Turning to the provision of humanitarian assistance, she said Kenya had improved its situation in the years since 1998.  The Ministry of State for Special Programmes, which she headed, coordinated stakeholders in providing assistance.  At the grass-roots level, district steering groups mobilized local populations. Today, those groups were being converted into disaster management committees.

In the reconstructive phase, the United Nations had been at the forefront of leading a coordinated response, while her Ministry carried out seminars to inform people about preparing for a disaster.  At the same time, Kenya faced challenges.  Though disaster management plans were in place, management capacity was not very effective.  Access to resources was also a great obstacle, and while she thanked the Central Emergency Response Fund for its assistance, the need for better access must be reiterated.

In addressing the humanitarian needs of affected populations, Kenya had prioritized food, water and shelter, she said, noting that the Government in recent years had persuaded pastoralists to sell their animals to the Government, to prevent them from dying from drought.  To raise living standards, Kenya had set up funds for women and youth to encourage entrepreneurship.  The Government also had strengthened research institutes and enhanced extension services.  In addition, legal initiatives had been taken, notably a national accord signed between the two main political parties after the 2007 election violence.

Next, Mr. JHA said that, in his work at the World Bank with development and humanitarian actors, it had become clear that poverty was the greatest multiplier of vulnerability.  Studies showed that 75 per cent of disaster hotspots in the world were populated by moderately and extreme poor people, and one third of the world’s poor lived in those hotspots.  Natural hazards became “unnatural disasters” due to the vulnerabilities of societies.

For example, the 2009 tsunami in Samoa had triggered devastating loss of gross domestic product (GDP), and the 2010 earthquake in Haiti had had a similar effect.  The average loss of employment worldwide due to natural disasters was about 4 to 5 per cent each year, he said.  That meant that, if those vulnerabilities were not managed, the consequences of disasters would continue to have a huge impact on vulnerable communities.

Many people fell into poverty each year due to such events, he continued.  Those vulnerabilities should be managed as part of development planning.  More and more countries were starting to talk about those issues in their long-term planning.  However, more needed to be done, and with events such as those that had occurred in Haiti and Samoa, there were opportunities to bring those elements into recovery planning.

Continuing, he noted that the World Bank’s approach had changed, especially as the demand for recovery and reconstruction assistance continued to increase, and now comprised some 20 per cent of its portfolio.  The philosophy of “build back better” should instead follow the notion to “build better first”.  Risk reduction should be an element of reconstruction efforts.  The Bank could have bilateral relationships to move that agenda forward into the development process.  More and more Governments coming to the Bank were requesting assistance with prevention and preparedness, which was good news.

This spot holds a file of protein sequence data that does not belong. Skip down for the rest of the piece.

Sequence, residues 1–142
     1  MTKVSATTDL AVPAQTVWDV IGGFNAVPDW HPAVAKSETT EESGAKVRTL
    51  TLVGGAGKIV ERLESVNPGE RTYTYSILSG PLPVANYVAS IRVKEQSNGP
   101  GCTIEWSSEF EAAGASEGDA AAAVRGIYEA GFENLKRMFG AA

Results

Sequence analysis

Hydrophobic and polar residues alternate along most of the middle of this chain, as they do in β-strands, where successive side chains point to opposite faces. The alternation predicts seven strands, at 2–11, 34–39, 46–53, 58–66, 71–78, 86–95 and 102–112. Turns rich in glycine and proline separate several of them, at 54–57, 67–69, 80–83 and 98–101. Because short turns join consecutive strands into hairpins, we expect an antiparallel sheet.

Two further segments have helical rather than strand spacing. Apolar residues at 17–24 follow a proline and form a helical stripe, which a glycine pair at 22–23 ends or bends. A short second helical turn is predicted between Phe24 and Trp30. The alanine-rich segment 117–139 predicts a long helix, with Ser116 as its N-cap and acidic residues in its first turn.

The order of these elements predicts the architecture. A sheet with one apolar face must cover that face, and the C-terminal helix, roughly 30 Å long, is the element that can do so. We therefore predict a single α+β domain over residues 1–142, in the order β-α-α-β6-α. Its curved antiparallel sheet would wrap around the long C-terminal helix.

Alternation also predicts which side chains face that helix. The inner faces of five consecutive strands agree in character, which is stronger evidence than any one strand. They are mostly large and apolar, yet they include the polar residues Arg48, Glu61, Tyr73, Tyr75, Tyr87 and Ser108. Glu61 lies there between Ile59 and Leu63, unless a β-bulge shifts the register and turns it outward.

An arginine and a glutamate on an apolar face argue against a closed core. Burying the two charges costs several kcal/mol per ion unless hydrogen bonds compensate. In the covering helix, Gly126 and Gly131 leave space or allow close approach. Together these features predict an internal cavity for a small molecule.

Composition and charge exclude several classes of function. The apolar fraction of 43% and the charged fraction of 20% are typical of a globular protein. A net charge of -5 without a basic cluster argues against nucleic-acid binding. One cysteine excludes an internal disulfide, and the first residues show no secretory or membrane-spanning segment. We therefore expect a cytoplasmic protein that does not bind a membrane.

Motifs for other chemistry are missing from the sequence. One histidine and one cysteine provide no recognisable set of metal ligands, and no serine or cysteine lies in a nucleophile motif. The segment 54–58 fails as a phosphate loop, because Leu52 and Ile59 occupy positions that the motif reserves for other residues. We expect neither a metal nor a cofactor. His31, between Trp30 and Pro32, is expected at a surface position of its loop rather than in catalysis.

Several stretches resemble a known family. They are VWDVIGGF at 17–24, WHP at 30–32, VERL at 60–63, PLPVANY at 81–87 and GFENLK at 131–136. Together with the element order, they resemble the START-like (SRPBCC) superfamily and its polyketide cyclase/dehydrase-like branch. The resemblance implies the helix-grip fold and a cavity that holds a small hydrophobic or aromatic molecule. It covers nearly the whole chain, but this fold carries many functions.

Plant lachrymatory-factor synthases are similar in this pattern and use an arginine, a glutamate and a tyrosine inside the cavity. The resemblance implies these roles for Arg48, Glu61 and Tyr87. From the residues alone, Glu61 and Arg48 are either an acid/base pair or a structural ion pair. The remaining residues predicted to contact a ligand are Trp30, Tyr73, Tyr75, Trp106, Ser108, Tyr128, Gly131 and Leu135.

More needed to be done on the risk reduction agenda.  At a 2006 meeting with donors, the World Bank had set up a multi-donor programme to provide funds for disaster reduction and recovery, he said.  The goal was to demonstrate change in 20 countries over the coming three to four years.  Efforts included getting those issues into policy discussions, conducting post-disaster needs assessments and looking at the cost-benefit element of disaster risk reduction.  He added that even if only a small amount of funding was available for a particular project, it should be invested in an early-warning system.

He said that, as a global facility, the idea was to influence the World Bank’s investment, with a view to “disaster proofing” investments.  More and more countries were indeed including risk reduction in their national strategies.

Ms. MAHMOOD focused on two areas to examine how to more effectively predict, identify and respond to acute humanitarian needs.  Data needs and demography was one area.  With 60 countries participating in the 2010 census process, good data was a component of good governance, transparency and accountability.  It was also needed to effectively respond to humanitarian crises.  Demographic patterns provided indications of what may loom ahead and, when applied appropriately, could give rise to triggers to alert Governments and development and humanitarian actors.

For example, she said, high rural-urban migration could lead to increased levels of crime, and unequal spatial population distribution in marginal areas could indicate a greater likelihood of frequent landslides and mudflows.  Moreover, countries where most of the rural population was dependent on rain-fed agriculture and animal breeding could be vulnerable during prolonged periods of drought, unleashing waves of “out-migration” to other parts of the country, she said.

“To be counted is to become visible, a factor especially important for women, young people and the elderly,” she said.  Sex and age disaggregated data was even more critical after a disaster or protracted crisis when targeted assistance was needed.  The Haiti crisis was no exception, given than the elderly population was seen to be the most vulnerable, yet not much had been heard about that group or its special needs.  A key impediment to effective crisis response to internal displacement was the dearth and unreliability of data.